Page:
Monday, July 10, 2006


Writers are omnipotent. They sit by the brook on sunny afternoons and create bubbles of lives that sway with the wind - every bubble an universe in itself, pregnant with lives twisted and tortured by a greater purpose and responsibility. The writer can then create lives, destroy them, lure the eve with a shining apple or destroy the bubble with a indistinguishable colored pixel. Period.

They could either sweep the rug of reason off your feet and take you to another space and time where their protagonist becomes the center of an ever expanding thriving universe (like how an unassuming ten year old from pivet drive realized his parents were the greatest wizards of all time). Such a premise easily lends itself to drama and larger than life characters (like the man who cannot be named). Or they could show you a seemingly insignificant card and make you a witness while a minor accident sways it and makes it fall. And just as it falls, it kisses another card and takes it along and soon they all fall, an entire castle of cards, kissed with death and a twist of fate. And when the whole castle is in shambles, you have no one to blame but a minor insignificant accident - a woodworm that ate the cross. And a satisfied writer who orchestrated it all.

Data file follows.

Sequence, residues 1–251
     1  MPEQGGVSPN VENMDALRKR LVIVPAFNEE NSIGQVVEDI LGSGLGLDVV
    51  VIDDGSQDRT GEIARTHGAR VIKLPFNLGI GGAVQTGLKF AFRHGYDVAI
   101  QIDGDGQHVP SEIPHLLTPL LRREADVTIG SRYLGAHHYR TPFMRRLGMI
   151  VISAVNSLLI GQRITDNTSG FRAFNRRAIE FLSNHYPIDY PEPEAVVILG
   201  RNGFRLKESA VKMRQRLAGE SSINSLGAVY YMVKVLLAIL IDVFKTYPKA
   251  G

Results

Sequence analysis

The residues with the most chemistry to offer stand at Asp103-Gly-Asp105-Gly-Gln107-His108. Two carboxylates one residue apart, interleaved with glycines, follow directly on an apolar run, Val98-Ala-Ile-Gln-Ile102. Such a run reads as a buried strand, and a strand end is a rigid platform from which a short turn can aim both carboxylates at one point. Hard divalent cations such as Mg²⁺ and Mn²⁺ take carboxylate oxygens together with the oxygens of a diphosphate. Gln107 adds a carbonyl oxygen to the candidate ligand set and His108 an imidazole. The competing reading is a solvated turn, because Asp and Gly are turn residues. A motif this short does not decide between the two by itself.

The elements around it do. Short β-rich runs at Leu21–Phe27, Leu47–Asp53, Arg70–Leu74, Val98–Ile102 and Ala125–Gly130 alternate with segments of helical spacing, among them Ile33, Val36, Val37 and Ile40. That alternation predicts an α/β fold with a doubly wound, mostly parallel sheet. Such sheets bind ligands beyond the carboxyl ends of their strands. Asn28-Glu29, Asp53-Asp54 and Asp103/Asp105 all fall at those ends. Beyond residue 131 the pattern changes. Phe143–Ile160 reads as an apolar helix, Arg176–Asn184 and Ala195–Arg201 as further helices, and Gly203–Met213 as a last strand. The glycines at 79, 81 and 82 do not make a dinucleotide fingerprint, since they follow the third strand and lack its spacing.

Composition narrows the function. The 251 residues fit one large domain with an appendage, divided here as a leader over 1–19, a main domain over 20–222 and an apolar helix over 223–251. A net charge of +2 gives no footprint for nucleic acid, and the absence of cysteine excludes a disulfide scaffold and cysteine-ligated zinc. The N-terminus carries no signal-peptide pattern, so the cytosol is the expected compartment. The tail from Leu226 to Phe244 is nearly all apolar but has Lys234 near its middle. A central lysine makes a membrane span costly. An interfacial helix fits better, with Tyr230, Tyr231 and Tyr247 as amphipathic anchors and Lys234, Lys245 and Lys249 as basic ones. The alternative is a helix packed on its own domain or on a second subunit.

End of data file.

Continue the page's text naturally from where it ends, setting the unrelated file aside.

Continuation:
On a midsummer morning, 13-year-old Briony Tallis watches, from a hidden window, her sister take off her clothes before her father's ward and jump into a fountain. An admittedly unusual incident (aggressive foreplay if it were in a hollywood movie) but not an event that by itself could entwine three lives, destroy them beyond belief and dismember a family. But by the time you are through with Part one of Atonement [Atonement : A Novel - by Ian McEwan], you realize that the lives of those caught in that decisive moment have been irrevocably altered and each of their picture perfect plans for future irrepairably destroyed.

The first part of the novel is a master piece. It paints an upper middle class setting in the early part of twentieth century, overlays it with an entire family of interesting characters. Briony Tallis is looking forward for her brother Leon to return and writes a play as a welcome act, that she plans to stage with the help of her cousins. Her sister Cecilia is spending time at home after her years in Oxford and living with them is Robbie turner, who's on his way to study medicine, after an exceptional year of academics. Each chapter is written from the point of view of one character and hence events are revisited and shown in the different perspective. And it's eventually this difference in perspective - subjectivity of realism - that causes the seemingly insignificant card to sway and fall and take with it the entire castle.